Faced with an expected $3.2 million budget shortfall, Carroll County Public Schools have proposed cutting their indoor track and freshman sports programs beginning next school year.
Talk of the moves, which the county said would save it about $31,000 and $92,000, respectively, has sparked outcry from scores of athletes, coaches and parents, who have launched a coordinated effort to save the activities. As of Thursday afternoon, their online petition included more than 1,700 electronic signatures, while a Facebook group called "Save Carroll County Indoor Track & Field," had more than 1,600 members.
"It was one of the best worst options we had," Carroll County Schools Superintendent Charles I. Ecker said. "I'm a former teacher, a former track and field coach. I love track. It's a great sport. But we had to make some cuts. It was the least worst, I guess."
Joy Gill, president of the athletic boosters at Liberty, called cutting the programs unnecessary, considering that individual schools pick up the bulk of the costs, other than transportation, officials' fees and stipends for coaches.
"We're funding these athletic programs, buying the uniforms, buying the equipment and paying for field maintenance with money that is derived through the public through fundraising and sponsorships," Gill said. "It surprised us that the county would talk about cutting programs ... without a conversation with the community that provides the bulk of the support."
Gill, the mother of three athletes at Liberty, is working with boosters from the county's seven other public high schools to come up with alternatives, gauging support for various ideas through an online survey. Options include fundraising, using alternative transportation, seeking volunteer officials for freshman sports and increasing fees paid by athletes and admission to games.
The county's board of education is scheduled to meet about the budget proposal Wednesday night. There, dozens of athletes plan to voice their support for the programs.
"We're trying to get as many people as we can to go to the budget meeting," said Jake Baugher, a senior on the indoor track and field team at Westminster. "A lot of the athletes who run during outdoor track wouldn't be at the same level if indoor wasn't there. We just wouldn't be able to compete with Baltimore County or Harford County."
Baugher, who created the Facebook page, is helping to organize the track athletes and has led an effort to sell more than 300 T-shirts emblazoned with the words "Save Carroll County Indoor Track and Field."
Regardless of the outcome, or the outcome of a similar proposal in Frederick County, the immediate future of indoor track and field as a state-sanctioned sport would not be threatened, according to Ned Sparks, executive director of the Maryland Public Secondary Schools Athletic Association.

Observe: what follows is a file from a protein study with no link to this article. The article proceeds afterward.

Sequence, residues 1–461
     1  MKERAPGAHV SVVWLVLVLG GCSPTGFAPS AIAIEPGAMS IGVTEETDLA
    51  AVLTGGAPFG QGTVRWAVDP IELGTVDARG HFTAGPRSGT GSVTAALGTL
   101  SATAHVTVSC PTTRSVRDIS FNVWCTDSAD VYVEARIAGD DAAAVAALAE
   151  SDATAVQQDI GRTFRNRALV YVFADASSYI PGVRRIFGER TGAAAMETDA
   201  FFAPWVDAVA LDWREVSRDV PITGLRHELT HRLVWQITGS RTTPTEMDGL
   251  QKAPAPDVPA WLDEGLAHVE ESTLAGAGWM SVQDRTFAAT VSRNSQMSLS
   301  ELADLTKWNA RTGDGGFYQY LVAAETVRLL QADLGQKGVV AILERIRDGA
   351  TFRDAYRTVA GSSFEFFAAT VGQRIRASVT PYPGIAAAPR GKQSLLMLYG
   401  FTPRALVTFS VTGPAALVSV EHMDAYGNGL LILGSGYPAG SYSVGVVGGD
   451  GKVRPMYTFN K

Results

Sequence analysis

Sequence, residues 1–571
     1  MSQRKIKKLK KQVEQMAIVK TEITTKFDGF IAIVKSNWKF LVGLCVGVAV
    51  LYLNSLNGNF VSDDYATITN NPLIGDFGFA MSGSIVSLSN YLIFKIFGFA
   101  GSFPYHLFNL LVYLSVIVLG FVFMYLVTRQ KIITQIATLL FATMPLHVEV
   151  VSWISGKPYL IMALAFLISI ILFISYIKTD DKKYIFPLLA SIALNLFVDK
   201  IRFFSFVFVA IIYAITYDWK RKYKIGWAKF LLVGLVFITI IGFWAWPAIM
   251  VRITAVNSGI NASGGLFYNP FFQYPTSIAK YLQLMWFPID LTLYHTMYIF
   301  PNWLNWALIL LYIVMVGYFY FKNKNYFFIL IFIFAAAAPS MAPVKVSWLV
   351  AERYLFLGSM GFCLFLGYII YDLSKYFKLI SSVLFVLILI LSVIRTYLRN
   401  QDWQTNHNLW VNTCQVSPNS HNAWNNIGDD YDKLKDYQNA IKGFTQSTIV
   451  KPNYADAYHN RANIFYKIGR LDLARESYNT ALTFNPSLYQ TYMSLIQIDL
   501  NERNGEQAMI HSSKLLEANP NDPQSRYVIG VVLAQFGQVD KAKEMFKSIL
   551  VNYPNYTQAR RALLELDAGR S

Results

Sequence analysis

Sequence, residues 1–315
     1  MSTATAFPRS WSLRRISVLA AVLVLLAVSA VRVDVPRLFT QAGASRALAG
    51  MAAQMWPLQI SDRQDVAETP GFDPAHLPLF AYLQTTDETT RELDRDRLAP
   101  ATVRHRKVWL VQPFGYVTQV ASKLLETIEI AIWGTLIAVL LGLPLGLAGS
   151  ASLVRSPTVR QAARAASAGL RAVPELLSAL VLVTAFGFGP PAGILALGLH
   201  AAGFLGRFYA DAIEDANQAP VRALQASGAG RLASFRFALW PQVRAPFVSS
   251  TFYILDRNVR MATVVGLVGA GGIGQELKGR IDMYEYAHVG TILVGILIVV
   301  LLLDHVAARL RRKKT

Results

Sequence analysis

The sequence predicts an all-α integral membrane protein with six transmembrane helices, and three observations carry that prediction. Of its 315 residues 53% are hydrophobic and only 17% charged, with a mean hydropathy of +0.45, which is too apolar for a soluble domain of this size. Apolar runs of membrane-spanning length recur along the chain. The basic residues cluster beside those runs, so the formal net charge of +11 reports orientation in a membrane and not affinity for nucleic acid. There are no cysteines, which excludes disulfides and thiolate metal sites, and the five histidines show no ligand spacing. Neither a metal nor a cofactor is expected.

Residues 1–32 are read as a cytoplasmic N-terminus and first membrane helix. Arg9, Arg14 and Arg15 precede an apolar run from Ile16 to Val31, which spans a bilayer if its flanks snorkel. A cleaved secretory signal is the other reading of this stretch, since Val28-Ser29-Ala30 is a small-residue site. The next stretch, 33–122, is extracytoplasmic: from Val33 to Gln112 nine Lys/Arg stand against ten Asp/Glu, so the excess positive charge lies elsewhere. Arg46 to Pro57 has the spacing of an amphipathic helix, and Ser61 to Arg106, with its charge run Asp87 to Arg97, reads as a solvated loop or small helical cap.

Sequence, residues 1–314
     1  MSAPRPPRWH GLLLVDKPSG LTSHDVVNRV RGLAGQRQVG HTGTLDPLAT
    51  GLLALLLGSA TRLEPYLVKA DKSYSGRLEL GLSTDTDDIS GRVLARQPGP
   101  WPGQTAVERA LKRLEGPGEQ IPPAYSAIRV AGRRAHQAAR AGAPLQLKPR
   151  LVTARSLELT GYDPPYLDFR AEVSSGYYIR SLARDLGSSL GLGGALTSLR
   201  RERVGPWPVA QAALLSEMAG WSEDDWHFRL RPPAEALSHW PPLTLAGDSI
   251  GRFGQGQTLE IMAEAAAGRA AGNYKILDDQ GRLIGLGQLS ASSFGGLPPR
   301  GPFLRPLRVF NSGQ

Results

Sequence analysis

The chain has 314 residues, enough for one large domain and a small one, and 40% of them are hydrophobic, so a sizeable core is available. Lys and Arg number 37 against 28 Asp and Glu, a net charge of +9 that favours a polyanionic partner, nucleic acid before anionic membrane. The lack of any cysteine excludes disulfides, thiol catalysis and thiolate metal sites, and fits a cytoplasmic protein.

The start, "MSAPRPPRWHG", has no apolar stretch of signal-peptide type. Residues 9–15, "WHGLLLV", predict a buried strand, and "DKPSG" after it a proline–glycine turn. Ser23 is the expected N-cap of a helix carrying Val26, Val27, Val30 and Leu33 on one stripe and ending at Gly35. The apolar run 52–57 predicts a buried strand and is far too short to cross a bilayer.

"The threshold is 60 percent of our schools having the sport, and we wouldn't drop below that," Sparks said. "Obviously, we'd have to rearrange some of the regions and, who knows, maybe even consider going [from four] to three classifications. The bottom line is we'd continue to have a championship."
The bulk of the expense associated with indoor track in Carroll County is related to transportation. The county, in fact, must hold its annual championship meet - scheduled to take place Saturday - in Hagerstown because of the lack of adequate facilities nearby.
Even so, supporters contend that an $80 participation fee paid by the approximately 450 track and field athletes more than covers the costs.
"On my team, our kids pay $4,800 for the athletic fee, which is more than what we pay for transportation," Liberty coach Bobby Ward said. "Meanwhile, for a basketball team, they're going to more than twice as many games and only have 12 kids on the bus."
Jim Rodriguez, Carroll County's supervisor of athletics, said that while there might be some "creative" ways to pay for the sports, money isn't the lone factor, particularly when it comes to indoor track. He said the lack of local training facilities means athletes often are forced to run through school hallways, creating safety concerns.
The level of competition from county schools has risen markedly since the addition of indoor track in 1998. Coaches say the program helps prepare athletes for the rigors of the more popular spring track and field season.
"There's a huge benefit to having an indoor team for training," Ward said. "They say, 'Oh, you can start a club team,' but it just doesn't work the same. You can't get the kids out."
The board of education must make a preliminary decision on the proposals by the end of February, though a final decision won't come until May.
Jeff Seidel contributed to this article.